Your point about marketing really sums things up and clarifies things for me. That's the mindset that is prevalent here in my neck of the woods. Most people here at our church still see anything on the internet as a one way communication… like traditional media that's just been moved online.

    That can be frustrating, but it can also be really exciting. There's an older woman in our church that has just in the past 2 years started using email and a pc. She told me a few weeks ago that she has been reading my blog and was really enjoying it. I acted suprised and said, "Really? You should comment and join in!" She said, "I can do that? I don't want to intrude."

    Seriously. That's what she said. I explained to her how a blog works and she got excited. She went home and made a comment (a VERY deliberate and thought out comment…). Now she's a commenting FREAK. She's totally liberated.

    By "liberated" I mean that the traditional, and false, lines between "laity" and "clergy" have gotten thinner for her. She feels more connected to her pastor and her friends because of that little change in her mindset. This is what gets me excited about social media (beyond the nerd factor).

    Now to figure out a way to evangelize twitter…

  4. says

    Great post. This actually helped answer a lot of questions I recently emailed "an expert" about. Thanks for the comment about being patient. Many times we think things pop up "overnight" but they dont.

  5. says

    I would suggest that the tyranny of the moment is part of what prevents widespread adoption. With the economy in the toilet, unemployment rising, and depression always knocking at the door; who has time for social media?

    That being said, the web is rebuilding our social fabric in certain respects and the church should respond to this. While it is a definite concern that we may not be interacting with our neighbors as much as we should, we are interacting with other people which previous generations never had the chance to interact with due to time, distance and a variety of other factors. In some ways the societal understanding of neighbor is getting redefined.

    So yes, I would have agree long term perspective is important and it goes hand in hand with education. There is always a lag time in communities, for some its a matter of weeks and the early adopters and those that follow are in the same place. With countries (and Global Christianity), values change over decades and centuries.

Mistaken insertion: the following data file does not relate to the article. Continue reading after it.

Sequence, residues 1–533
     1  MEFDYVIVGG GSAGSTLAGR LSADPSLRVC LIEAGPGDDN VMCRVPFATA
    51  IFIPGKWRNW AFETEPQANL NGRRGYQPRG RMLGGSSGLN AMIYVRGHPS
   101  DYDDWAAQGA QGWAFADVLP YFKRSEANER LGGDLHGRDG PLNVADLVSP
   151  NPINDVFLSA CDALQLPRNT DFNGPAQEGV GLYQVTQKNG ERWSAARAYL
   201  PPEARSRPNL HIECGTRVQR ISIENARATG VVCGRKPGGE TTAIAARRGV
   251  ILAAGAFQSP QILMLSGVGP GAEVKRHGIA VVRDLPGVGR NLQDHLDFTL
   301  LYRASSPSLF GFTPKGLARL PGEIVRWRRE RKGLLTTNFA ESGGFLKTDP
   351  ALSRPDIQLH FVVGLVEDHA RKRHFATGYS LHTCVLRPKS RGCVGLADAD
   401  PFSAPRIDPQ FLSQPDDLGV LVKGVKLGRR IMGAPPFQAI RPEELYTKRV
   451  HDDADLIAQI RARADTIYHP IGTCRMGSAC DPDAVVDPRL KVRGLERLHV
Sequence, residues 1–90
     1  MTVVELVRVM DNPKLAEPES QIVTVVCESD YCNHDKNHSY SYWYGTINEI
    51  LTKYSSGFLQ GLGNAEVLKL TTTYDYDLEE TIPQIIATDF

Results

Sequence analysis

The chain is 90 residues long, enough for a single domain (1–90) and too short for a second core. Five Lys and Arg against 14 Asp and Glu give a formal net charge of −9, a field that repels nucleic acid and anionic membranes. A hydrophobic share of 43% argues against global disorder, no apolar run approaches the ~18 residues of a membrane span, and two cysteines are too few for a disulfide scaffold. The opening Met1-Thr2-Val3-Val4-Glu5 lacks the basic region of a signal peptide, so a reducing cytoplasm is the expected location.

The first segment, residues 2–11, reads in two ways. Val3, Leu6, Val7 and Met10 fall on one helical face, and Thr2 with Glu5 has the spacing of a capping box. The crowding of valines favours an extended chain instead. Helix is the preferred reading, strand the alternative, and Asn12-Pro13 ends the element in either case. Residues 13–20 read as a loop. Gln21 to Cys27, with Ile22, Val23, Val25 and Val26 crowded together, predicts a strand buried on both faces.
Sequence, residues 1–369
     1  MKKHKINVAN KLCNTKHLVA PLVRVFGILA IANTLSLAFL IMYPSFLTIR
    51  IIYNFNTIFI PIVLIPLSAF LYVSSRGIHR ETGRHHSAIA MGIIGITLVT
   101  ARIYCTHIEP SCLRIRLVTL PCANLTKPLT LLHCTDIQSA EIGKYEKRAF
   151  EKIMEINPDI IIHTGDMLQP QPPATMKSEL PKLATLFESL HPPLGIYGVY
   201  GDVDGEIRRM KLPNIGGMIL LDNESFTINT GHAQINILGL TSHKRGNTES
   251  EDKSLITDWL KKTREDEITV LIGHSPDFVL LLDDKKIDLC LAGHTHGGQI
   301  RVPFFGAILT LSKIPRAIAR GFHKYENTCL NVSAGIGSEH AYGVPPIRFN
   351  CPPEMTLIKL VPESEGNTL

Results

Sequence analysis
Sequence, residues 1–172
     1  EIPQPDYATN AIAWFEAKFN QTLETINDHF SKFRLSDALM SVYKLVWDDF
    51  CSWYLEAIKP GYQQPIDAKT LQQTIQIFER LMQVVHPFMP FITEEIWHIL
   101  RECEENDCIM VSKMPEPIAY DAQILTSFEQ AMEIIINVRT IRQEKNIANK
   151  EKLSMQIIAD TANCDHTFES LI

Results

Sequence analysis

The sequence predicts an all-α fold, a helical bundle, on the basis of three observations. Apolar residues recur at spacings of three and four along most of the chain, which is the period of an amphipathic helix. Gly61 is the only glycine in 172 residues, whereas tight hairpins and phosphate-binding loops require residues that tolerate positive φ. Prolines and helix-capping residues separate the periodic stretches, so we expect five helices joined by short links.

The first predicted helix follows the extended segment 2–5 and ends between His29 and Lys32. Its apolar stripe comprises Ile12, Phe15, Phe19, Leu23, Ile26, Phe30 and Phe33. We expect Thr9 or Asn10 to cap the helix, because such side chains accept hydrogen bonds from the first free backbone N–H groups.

The question comes down to what concrete steps can each of us make now with the resources we have, to further the kingdom of God?

  6. says

    Well written…and succinctly. Since social media is not going away, churches need to experiment and accept the reality that it takes time and is hard to measure. Digging in and working with it now is much better than doing nothing. Let's keep encouraging churches to press on in social media!

  7. says

    This post is well said or shall i say well written. Since social media is almost everywhere no wonder that even churches joins this craze. But while they struggle, eventually they will work it out. Experimenting, time, understanding and other possible effort to engage in social media should be expected. But for churches, don't lose hope.. and i think you have the faith to overcome struggles and engage in social media.

  8. Steve Fandel says

    LOL I’m on Facebook!

    That’s right. This technologically-challenged 50 year old has discovered the joys of networking via FB. I’ll be honest, I initially thought Facebook was something only the younger generation was into or could truly appreciate. And there probably are legions of college sons and daughters who loathe the day their parent or parents discovered this electronic social network. But I admit it, I’m hooked.

    My wife is not a fan. She says after spending eight hours a day in front of a computer screen at work, the last thing she wants to do is spend more time there at home.

    My interest in photography was one of the things I initially enjoyed about FB. You can post albums of photos and enjoy the pictures taken by friends and family.

    Facebook is an interesting study in psychology and social interaction also. For those not familiar, you first set up your Facebook profile page. Things like family, career and education are outlined as you wish.